Juan Carlos Méndez Guédez: “Los libros representan todo lo que el gobierno no es” / José G. Márquez

Juan Carlos Méndez Guédez: “Books represent everything the government isn’t”

(Photo: Alexandra Blanco)

Méndez Guédez is back in Venezuela to present his prize-winning novel Arena negra

Juan Carlos Méndez Guédez spends quite a bit of time on airplanes, having moved to Spain nearly two decades ago and returning to Venezuela periodically. His childhood was spent between his native Barquisimeto and Caracas. This fragmented him, as he says, and is reflected in the characters of his books. Even in the promotion of his books, because while he baptizes Arena negra (Caracas: Lugar Común, 2013), back in Spain he presents Los maletines (Madrid: Siruela, 2014).

The first one was named Book of the Year in 2013 by Venezuelan booksellers and its protagonist is a Spaniard, while the second one —whose main character is a Venezuelan— is considered by some to be his best novel yet. Without actually pulling it off, he’s always in two places at once. “That’s only possible in writing and in dreams; this is why I’m interested in both, because you can easily move from one place to another,” the writer expresses, during his visit to Caracas recently.

Méndez Guédez says life has become an endless goodbye but also a constant reencounter. His stories are filled with dismayed characters, who abandon or are abandoned, within a background of political events and remnants of humor. “I try to create something positive out of that devastating feeling by transforming it into writing. Each time I travel I take back with me all types of images, situations, words, in order to keep writing about this city,” he adds.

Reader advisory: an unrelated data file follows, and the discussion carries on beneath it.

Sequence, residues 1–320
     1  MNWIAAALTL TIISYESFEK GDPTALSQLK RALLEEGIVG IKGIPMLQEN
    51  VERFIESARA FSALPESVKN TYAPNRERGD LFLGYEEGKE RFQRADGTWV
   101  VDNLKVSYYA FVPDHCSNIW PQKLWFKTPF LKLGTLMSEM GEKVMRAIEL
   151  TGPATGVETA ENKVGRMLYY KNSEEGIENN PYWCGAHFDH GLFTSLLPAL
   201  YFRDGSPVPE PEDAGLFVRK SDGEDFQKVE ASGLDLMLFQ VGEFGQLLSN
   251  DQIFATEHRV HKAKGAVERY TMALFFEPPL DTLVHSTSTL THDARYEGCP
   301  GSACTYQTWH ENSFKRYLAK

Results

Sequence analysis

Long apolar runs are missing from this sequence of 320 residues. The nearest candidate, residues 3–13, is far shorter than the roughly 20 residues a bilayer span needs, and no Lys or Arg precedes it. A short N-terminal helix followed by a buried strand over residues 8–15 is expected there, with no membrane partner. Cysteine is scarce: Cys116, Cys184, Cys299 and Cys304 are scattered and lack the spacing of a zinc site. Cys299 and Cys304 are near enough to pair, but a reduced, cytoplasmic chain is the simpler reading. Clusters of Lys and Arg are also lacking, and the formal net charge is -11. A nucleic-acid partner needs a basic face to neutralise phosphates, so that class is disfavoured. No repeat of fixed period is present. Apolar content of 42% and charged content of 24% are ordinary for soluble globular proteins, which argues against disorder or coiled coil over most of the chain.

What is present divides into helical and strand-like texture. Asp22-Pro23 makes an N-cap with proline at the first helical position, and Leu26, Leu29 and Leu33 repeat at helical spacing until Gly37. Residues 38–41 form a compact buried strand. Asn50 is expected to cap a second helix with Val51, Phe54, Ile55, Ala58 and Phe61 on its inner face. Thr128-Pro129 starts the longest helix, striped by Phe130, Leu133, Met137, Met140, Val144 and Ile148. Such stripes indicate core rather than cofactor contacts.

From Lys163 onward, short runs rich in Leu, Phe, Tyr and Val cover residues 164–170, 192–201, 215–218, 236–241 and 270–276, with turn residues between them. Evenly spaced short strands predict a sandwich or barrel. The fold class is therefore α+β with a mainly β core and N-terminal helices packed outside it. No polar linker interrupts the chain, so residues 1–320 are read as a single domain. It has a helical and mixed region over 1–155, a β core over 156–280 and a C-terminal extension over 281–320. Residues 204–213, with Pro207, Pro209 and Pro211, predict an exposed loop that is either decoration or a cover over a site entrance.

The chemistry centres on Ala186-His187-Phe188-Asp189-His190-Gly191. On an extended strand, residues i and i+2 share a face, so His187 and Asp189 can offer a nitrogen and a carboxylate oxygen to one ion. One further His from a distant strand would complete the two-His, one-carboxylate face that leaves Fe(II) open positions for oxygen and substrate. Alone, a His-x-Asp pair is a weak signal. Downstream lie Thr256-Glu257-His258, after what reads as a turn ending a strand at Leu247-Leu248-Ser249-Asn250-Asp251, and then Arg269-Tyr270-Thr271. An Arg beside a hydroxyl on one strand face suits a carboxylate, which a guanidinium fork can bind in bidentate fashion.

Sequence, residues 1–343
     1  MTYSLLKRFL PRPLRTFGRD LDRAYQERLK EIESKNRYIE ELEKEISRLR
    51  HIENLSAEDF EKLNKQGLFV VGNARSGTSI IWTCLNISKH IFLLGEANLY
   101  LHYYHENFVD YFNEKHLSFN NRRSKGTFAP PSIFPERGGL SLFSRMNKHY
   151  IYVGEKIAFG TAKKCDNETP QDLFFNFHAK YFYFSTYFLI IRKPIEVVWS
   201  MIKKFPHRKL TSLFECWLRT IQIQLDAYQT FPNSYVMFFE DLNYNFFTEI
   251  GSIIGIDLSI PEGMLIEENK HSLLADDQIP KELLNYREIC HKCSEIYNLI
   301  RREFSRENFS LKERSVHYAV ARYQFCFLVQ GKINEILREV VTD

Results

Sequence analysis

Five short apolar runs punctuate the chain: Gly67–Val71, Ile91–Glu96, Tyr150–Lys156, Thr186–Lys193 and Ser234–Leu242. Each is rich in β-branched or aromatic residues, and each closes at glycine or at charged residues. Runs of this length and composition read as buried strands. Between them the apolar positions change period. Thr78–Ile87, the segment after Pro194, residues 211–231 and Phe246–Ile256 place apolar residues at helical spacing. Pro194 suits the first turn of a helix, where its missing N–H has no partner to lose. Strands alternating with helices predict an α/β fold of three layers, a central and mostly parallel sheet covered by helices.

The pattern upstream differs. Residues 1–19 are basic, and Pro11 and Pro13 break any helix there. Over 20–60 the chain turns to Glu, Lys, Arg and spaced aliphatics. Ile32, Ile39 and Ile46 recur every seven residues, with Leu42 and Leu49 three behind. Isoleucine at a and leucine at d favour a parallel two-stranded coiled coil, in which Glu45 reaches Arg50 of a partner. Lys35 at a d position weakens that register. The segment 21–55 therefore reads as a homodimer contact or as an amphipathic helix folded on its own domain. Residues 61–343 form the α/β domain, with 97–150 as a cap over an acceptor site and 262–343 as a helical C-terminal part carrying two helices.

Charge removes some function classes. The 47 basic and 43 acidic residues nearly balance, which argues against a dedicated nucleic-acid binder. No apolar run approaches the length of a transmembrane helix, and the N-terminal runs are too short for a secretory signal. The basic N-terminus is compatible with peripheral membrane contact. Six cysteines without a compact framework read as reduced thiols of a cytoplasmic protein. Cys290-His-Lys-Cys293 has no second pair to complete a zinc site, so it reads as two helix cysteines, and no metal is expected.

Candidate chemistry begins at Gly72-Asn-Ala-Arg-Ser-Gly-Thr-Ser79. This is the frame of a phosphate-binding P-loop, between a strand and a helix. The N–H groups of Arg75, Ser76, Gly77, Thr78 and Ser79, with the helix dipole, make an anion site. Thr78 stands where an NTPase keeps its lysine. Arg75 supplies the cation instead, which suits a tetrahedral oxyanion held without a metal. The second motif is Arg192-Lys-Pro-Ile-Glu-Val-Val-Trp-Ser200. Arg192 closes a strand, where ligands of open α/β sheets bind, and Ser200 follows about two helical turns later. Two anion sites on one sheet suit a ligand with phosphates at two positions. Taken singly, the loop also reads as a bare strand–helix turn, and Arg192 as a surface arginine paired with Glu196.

Arena negra, for example, centers on the life of a family forced to accept a father’s departure, a Spaniard who arrives in Venezuela in the late 1940s with the hope of making some money. It’s told in three time periods and presents an atypical structure.

In Los maletines the main voice belongs to a Venezuelan who works for the government today and carries suitcases full of cash to various parts of the world. Since he lives in an extremely violent nation, he’s on a constant search for happiness, and this is why he eventually plans a conspiracy with a friend that may or may not work.

“From a dramatic point of view, social convulsions work quite well for talking about certain characters in that manner,” the author reflects.

Prodigal Son

Although Méndez Guédez lives in Europe, he reads the Venezuelan press every day on the Internet.

Regarding the crisis of the last few months, he thinks there are still plenty of reasons to protest, among them the difficult situation of the book industry in the country.

“Books are dangerous: they make people think, they provide beauty. They represent everything the government isn’t. That’s how I understand why the government is trying to sabotage their free circulation. There’s fertile ground here for the imagination to flourish,” he assures.

{ José G. Márquez, El Nacional, 3 May 2014 }

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